Just two years after the first solar water heaters received the Energy Star Label, they may loose it again. Right now, the Environmental Protection Agency (EPA) is revising the label's Water Heater Specification. It has found that solar water heaters are not in line with the principle of the Energy Star label, because they do not pay off quickly enough. The solar thermal industry worries that loosing the label would become a serious drawback for the reputation of solar water heaters in the US. The final draft of the specification is expected in January and the final version is going to be published by February.
According to the Energy Star Label principles, long life products - such as solar water heaters - have to pay back their extra costs by saving an equal amount of energy in around five years. For solar water heaters, that turns out to be a problem: in most parts of the US, solar water heaters cannot meet this requirement, not even including federal tax credits. Abigail Daken from EPA explains: “We do not want to express at all that solar water heaters do not save energy. In fact, it is quite clear that they do. But EPA has stayed in line with very clear principles for the past 20 years and the value of the Energy Star Label for the customers is built on these principles.“
Calseia, the California Solar Energy Industries Association, writes in a comment letter to the EPA, which has been published on the Energy Star website: “Removing the Energy Star designation would likely have a deleterious effect on market acceptance of solar water heating systems. The Energy Star designation is one of a number of market development tools, which – when taken together – provide technology recognition and increased affordability. For example, a number of states have come to rely on Energy Star as a measure of energy efficiency and increased consumer protection. In the course of developing incentive programmes for renewable energy products, the Energy Star designation, coupled with solar energy system certification, increases the comfort level of renewable energy programme administrators.“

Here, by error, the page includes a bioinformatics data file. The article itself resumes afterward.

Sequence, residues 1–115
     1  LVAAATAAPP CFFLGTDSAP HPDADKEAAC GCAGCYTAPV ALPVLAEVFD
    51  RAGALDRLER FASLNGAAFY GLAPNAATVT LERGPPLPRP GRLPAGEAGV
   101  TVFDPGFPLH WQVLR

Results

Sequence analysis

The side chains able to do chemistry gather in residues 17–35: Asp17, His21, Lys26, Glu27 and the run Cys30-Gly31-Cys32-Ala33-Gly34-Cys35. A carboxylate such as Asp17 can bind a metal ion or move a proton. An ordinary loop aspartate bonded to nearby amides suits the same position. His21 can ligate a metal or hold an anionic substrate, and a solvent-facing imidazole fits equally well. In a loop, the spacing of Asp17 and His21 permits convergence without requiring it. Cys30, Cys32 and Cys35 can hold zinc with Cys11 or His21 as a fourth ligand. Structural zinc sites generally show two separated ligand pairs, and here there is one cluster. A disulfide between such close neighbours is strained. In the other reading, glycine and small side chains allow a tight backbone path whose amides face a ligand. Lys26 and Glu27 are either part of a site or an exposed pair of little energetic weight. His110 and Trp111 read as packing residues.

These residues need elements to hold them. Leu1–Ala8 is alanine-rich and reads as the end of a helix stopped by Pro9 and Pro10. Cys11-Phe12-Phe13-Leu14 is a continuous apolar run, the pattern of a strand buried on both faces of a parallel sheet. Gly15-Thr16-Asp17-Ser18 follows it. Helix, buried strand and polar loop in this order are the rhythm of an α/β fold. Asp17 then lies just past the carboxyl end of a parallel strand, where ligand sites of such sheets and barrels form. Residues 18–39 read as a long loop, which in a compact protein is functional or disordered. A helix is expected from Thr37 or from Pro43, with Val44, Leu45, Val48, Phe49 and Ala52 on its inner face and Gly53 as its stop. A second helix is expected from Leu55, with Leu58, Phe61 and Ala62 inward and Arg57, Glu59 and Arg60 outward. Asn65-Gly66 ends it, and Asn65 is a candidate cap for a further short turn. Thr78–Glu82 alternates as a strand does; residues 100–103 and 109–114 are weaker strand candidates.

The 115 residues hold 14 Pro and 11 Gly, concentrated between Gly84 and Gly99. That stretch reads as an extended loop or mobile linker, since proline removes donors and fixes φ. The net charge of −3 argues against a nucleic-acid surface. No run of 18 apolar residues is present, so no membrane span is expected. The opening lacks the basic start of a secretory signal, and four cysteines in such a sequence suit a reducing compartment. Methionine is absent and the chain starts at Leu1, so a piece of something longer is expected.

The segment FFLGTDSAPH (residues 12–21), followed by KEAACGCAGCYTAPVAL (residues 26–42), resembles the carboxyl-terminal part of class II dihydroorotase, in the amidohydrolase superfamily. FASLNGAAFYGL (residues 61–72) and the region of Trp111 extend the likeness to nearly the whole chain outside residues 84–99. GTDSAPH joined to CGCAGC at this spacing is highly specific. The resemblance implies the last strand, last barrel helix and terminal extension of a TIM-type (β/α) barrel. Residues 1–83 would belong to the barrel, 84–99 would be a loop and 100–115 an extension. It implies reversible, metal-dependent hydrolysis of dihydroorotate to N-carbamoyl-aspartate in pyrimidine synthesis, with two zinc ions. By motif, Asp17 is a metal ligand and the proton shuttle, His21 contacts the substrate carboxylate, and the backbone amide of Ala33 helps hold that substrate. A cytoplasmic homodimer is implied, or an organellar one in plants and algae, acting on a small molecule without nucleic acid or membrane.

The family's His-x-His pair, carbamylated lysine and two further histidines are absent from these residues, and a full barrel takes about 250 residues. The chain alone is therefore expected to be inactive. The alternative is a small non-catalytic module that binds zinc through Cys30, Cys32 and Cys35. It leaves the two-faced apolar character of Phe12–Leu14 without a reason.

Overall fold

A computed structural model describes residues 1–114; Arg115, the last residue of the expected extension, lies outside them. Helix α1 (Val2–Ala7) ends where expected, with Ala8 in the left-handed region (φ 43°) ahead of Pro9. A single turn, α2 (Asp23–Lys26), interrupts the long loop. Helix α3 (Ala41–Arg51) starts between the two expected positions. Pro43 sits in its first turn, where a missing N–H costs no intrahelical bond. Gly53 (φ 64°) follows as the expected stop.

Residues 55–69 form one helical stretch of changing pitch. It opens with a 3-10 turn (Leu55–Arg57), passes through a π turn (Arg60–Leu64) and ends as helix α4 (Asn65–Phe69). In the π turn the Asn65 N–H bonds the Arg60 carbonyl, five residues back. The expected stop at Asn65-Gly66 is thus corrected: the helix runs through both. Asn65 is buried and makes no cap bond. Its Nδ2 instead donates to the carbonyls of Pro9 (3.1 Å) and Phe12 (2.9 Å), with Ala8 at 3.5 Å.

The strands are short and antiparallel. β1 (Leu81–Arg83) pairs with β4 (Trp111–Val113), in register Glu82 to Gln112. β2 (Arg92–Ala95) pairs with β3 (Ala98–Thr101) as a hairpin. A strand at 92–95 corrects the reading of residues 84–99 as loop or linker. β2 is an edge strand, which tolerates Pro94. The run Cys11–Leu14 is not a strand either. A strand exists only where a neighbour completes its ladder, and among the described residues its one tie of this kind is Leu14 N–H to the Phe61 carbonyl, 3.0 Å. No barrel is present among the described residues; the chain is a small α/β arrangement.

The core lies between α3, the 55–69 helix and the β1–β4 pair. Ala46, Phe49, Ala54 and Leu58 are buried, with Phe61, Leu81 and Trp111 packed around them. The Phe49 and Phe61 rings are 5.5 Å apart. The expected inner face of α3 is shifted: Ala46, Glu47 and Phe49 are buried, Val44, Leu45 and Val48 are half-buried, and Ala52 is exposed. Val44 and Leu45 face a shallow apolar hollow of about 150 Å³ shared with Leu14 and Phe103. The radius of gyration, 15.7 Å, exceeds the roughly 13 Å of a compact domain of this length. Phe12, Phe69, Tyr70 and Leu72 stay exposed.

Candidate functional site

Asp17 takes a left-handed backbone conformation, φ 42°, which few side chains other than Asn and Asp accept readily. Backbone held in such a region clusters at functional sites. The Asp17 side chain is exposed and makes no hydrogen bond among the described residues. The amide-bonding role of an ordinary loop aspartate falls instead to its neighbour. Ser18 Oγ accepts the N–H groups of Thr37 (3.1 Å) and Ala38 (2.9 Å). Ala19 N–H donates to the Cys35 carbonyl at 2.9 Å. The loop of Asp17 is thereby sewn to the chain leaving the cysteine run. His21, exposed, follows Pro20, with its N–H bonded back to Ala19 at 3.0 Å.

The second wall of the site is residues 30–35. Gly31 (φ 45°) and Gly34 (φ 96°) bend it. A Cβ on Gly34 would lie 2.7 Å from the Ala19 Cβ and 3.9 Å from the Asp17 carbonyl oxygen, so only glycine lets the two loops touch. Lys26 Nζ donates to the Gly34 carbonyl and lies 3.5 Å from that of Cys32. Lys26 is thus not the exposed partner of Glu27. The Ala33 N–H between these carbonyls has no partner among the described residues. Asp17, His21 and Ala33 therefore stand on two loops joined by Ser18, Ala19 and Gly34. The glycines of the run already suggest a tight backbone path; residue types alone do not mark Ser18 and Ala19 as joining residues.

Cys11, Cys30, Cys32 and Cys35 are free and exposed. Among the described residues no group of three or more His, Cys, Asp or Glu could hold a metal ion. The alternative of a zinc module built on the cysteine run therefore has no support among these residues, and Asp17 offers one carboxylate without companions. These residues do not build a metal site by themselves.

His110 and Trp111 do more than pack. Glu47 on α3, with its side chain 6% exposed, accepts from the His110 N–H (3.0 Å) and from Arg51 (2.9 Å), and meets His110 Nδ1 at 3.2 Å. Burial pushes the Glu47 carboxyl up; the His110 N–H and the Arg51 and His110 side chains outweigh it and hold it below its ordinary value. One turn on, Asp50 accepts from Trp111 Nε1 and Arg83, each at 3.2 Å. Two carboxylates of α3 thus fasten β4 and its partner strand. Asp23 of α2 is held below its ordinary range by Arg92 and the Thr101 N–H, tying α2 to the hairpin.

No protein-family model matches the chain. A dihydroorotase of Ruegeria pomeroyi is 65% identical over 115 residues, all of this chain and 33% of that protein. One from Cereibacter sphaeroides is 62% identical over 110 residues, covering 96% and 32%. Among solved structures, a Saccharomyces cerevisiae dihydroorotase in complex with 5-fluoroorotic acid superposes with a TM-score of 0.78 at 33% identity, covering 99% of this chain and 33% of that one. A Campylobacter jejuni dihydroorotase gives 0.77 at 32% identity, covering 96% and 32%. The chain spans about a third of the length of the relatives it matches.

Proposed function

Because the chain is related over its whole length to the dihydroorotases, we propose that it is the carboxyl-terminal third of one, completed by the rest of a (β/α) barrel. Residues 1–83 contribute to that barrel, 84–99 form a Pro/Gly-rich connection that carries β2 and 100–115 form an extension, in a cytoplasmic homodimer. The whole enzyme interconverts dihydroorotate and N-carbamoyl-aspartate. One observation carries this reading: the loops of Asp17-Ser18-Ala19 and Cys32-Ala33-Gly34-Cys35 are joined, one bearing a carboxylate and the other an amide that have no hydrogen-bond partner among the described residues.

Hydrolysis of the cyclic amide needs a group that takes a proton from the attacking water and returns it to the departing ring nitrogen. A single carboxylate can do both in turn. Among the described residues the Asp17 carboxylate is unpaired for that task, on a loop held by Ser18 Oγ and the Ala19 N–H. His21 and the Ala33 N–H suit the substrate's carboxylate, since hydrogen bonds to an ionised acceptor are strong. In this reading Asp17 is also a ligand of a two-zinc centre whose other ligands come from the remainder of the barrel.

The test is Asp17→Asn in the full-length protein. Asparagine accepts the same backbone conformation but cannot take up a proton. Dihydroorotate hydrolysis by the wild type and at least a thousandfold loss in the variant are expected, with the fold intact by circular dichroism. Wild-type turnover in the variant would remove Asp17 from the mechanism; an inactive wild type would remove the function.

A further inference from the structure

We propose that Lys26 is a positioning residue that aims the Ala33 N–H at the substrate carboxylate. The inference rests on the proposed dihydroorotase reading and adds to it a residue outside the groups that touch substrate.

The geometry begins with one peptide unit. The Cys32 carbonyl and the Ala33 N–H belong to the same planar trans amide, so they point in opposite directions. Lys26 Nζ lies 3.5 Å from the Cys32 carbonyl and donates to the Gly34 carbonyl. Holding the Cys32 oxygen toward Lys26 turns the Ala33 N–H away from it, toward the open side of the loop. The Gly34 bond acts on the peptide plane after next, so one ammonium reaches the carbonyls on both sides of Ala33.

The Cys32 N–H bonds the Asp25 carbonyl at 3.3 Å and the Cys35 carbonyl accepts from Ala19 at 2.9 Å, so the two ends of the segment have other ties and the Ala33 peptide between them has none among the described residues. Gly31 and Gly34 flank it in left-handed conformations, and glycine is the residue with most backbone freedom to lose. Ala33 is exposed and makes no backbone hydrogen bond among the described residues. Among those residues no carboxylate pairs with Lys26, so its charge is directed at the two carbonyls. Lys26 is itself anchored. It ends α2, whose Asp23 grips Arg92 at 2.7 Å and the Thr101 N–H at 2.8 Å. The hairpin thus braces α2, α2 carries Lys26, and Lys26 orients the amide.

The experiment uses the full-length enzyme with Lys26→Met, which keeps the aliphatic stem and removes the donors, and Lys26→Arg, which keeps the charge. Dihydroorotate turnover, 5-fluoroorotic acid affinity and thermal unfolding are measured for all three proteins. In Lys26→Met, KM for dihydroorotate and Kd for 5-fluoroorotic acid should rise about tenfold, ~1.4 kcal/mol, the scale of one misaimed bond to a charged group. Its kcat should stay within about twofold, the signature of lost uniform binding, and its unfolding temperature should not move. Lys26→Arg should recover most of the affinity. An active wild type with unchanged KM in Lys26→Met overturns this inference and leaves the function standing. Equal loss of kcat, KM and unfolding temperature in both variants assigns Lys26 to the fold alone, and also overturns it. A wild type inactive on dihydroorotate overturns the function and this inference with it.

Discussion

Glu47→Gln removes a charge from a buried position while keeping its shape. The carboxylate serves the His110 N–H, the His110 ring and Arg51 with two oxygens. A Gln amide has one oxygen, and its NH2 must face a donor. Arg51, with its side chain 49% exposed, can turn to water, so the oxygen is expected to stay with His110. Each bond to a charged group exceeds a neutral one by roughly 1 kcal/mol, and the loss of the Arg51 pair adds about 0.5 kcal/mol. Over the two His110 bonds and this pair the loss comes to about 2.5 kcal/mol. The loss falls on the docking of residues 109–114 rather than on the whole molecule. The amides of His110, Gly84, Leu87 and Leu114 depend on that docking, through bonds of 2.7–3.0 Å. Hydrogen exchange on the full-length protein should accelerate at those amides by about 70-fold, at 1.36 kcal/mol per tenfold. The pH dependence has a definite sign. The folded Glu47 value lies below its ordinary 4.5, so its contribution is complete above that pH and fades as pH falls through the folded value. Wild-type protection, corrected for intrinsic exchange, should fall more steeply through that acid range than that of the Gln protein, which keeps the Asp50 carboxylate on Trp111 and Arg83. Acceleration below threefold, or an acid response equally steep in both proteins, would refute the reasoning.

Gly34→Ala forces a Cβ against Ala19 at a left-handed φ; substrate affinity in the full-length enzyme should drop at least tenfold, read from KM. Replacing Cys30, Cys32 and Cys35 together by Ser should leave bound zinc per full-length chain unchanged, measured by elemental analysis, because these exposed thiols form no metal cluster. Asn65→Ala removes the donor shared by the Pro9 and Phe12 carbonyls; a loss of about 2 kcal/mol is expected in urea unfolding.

The Energy Star Label is the best-known eco label in the US and is financed by the federal government. It currently includes more than 60 product types. Another principle of the Energy Star programme is that customers should not sacrifice functionality or value for energy efficiency, which means products undergo economical viability, performance, safety and life time tests besides tests of energy efficiency. In the end, a product either receives the label or it does not – there is no energy performance rating for it. Participating in the Energy Star Label is voluntary for the manufacturers.
Recently the second draft for the Energy Star's Water Heater Specification has been posted on the EPA website. The site shows comments and objections by the industry and the EPA's replies. Daken says: “We are aware of the objections by the stakeholders.” She affirms that supporting solar water heaters is in the interest of the EPA, but the decision whether they will stay in the Energy Star programme has not been made yet.
Drafts and comments can be found on the Energy Star website: http://www.energystar.gov/index.cfm?c=revisions.waterheaters_spec
This text was written by Eva Augsten, a German freelance journalist specialised in renewable energies (firstname.lastname@example.org).